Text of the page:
When creating a resume, believe it or not, font matters. The psychology of fonts on a resume should be taken very seriously. A resume is an individual's primary means of marketing their "self" to a potential employer. Much ado has been made over font impact by professional marketers. Their research is conclusive. Font choice could make or break the power of a resume.
The Font Brain Hack
So how does this work? Fonts are more than just the style of the printed word. Officially, a collection of text in a particular font is typography. This is when typeface becomes art. For centuries mankind has known that art has a powerful emotional impact on humans. The same can be said for the art of the printed word. Fonts hack into the brain and trigger responses related to the associations the brain makes with the representative art. A font is the personality of the text.
Font choice will affect many variables that, in turn, affect the resume as a whole. Fonts make or break a resume's readability. For example, these two important elements:
- Leading: This is the space between lines upon which the bottom-most point of a letter lies. This space is primarily affected by lowercase letters such "y" or "g". Some fonts will obscure the tails of these lowercase letters while others will read more clearly.
- Kerning: The space between letters is a different value for every font. Letters that appear too crowded may become more difficult to read in a digital format. This can trigger feelings of stress for a reader. Opt for fonts with clean lines and spacing that appear natural and easy to read.
The number one goal when creating a resume is to trigger positive responses. Resume readers should associate professional behaviors with a resume prospect. The second most important goal is to create a document designed for effortless reading. Stress levels should not be elevated by struggling through copy that is too crowded or confused. Research has rated the following fonts according to different readability factors:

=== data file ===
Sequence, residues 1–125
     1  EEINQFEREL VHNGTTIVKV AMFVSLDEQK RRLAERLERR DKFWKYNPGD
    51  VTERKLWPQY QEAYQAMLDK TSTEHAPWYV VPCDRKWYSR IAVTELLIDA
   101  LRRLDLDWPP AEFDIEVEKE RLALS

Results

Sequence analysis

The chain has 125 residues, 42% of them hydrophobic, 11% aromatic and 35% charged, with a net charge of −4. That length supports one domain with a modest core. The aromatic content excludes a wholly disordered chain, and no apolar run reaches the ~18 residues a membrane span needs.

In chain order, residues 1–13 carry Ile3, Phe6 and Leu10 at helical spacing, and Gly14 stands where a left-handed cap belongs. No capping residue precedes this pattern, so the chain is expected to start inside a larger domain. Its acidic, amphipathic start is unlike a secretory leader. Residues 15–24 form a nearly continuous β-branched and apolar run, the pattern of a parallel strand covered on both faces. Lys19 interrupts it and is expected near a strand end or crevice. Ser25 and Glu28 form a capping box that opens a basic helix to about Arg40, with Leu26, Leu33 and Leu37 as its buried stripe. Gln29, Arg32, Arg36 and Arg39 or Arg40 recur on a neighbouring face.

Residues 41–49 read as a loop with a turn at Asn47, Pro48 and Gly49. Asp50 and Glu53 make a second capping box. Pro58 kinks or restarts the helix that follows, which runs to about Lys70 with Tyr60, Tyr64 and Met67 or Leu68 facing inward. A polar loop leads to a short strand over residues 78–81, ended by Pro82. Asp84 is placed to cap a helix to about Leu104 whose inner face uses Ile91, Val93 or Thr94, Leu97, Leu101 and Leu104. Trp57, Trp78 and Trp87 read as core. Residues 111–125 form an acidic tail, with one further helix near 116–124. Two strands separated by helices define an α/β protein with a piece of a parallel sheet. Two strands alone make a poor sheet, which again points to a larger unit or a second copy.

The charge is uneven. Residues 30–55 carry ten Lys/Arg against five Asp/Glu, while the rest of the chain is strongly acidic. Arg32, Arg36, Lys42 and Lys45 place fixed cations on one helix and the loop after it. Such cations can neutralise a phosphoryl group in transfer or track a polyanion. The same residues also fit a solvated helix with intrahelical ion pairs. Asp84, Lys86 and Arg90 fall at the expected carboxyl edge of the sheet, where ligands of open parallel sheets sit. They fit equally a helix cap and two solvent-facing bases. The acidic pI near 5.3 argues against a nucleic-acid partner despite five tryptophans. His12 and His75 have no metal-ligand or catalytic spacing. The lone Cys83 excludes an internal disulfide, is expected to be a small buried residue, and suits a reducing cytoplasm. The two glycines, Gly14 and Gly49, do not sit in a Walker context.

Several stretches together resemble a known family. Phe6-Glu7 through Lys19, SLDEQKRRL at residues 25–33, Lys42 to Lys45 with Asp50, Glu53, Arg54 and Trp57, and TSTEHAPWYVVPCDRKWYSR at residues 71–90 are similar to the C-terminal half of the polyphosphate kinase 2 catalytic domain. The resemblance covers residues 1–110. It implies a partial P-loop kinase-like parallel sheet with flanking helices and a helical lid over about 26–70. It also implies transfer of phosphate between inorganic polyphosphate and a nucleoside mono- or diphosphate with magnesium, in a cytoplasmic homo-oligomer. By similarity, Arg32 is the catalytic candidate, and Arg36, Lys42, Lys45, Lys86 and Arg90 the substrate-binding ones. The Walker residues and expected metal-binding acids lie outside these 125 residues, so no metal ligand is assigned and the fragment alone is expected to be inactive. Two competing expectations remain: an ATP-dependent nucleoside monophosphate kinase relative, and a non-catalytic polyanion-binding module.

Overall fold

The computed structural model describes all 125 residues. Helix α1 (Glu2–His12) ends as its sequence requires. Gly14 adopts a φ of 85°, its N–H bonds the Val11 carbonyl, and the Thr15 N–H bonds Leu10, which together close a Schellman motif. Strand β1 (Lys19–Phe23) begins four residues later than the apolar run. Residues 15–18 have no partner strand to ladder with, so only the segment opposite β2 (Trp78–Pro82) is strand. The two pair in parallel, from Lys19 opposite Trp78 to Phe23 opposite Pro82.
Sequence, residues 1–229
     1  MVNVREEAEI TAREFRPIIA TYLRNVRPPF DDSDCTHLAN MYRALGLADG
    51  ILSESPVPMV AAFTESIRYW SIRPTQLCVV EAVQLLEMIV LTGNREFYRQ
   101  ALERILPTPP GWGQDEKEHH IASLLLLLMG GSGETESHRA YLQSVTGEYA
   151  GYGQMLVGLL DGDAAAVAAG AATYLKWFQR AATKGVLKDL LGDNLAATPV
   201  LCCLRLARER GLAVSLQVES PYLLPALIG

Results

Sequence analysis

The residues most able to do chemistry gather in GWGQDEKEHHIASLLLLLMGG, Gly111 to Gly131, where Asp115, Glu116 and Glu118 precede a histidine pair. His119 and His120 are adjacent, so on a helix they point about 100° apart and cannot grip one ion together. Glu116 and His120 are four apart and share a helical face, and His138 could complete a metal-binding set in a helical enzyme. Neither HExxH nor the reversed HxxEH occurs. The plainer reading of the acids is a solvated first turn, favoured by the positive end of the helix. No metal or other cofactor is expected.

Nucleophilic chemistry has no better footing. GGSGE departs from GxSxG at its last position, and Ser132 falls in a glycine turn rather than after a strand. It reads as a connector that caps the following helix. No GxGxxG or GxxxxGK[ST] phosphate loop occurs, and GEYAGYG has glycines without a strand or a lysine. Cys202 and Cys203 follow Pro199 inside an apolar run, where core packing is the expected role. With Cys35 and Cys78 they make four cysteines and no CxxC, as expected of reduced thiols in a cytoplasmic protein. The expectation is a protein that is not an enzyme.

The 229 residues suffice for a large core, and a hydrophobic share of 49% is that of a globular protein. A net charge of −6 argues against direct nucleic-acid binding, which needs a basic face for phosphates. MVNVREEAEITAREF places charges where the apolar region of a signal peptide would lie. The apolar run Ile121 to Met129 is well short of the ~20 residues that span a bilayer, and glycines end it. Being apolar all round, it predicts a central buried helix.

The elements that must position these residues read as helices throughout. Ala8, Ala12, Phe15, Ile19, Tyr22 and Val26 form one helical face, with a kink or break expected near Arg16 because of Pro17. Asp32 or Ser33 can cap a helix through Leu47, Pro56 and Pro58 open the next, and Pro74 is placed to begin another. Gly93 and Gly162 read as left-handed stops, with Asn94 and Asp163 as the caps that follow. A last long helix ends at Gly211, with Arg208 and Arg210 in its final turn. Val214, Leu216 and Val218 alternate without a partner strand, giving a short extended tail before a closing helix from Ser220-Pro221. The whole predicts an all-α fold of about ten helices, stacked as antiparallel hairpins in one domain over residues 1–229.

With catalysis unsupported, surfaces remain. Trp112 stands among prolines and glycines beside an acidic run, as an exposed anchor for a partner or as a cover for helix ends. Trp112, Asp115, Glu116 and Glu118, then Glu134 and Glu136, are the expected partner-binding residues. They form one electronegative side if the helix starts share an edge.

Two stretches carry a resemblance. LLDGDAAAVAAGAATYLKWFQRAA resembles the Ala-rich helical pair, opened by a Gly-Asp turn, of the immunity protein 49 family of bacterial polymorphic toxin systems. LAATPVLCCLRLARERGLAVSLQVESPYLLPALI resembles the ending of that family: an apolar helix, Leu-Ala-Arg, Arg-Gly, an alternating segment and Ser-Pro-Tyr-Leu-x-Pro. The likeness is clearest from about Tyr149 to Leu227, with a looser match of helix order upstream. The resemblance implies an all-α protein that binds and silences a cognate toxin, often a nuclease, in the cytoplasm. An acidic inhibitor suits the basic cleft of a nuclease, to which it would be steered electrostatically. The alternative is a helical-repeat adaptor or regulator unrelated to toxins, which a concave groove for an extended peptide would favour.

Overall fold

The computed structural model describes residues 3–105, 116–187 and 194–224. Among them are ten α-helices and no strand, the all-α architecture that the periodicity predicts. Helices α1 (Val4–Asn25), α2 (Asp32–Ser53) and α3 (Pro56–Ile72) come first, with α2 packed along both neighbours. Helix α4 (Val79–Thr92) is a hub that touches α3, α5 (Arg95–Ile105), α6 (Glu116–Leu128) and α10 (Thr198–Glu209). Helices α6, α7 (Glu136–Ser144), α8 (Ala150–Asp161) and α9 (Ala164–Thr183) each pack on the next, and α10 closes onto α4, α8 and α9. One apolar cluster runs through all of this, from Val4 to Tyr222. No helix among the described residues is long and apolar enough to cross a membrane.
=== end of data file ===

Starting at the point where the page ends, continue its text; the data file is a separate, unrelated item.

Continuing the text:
- Fastest read through times: Times New Roman and Arial.
- Most preferred: Verdana and Arial.
- Most legible: Arial and Courier.
Popular Serif font logos you may be familiar with: The New York Times, Time Magazine, and Yale University. The most popular fonts of the Serif family are associated with creating impressions of tradition, authority and respectability. Popular Serif font styles are:
- Times New Roman
Serif has traditionally been the most recommended font family for creating resumes. For an added edge of persuasive power, experts claim Baskerville is proven effective to create feelings of agreement between the reader of the font and who the font is associated with.
Some of the most well-known brands are created with a Sans Serif font: Chanel, Evian and Microsoft. These companies are trying to get consumer's to perceive them as modern, stable and having universal appeal. Popular Sans Serif fonts are:
Sans Serif is the font of choice to use for online resumes when it is possible the text could be presented in a smaller format, such as being read on a tablet or smartphone. Even on a larger monitor Sans Serif fonts are more legible as digital print when compared to Serif fonts.
If you are a user of Facebook, Shutterfly or Hulu, then you are familiar with a logo branded in a Modern font. While not typically used for resumes, using a modern font style projects that you are intelligent, sharp and stylish. Popular Modern fonts are:
- Gabriel Sans
Not necessarily considered an unprofessional font choice, the use of a Modern font in a resume should be approached with caution. Understand your audience and determine if this font might work in a particular case.
The Final Decision
The debate that has raged between which is the better resume font, Serif or Sans Serif, may very well be settled by the research. Both font styles carry equal potential to stimulate the desired response for a resume. The difference is presentation. For a traditional ink on paper resume, consider Serif. If your resume is online, intended to be read on an electronic device, Sans Serif may be a better option.
However, a personal decision for a favorite font can be just as successful as the fonts recommended by marketing experts. Take, for example, the Garamond font. It may not make the list of favorites for marketers but Garamond is the number one font of choice for printing professionals. They believe this font has the best design features for digital reading. As for readability, Microsoft font developers claim that Georgia can't be beat for legibility. But one thing all font experts agree on: For heaven's sake, don't use Script fonts for resumes, especially Papyrus. Ever.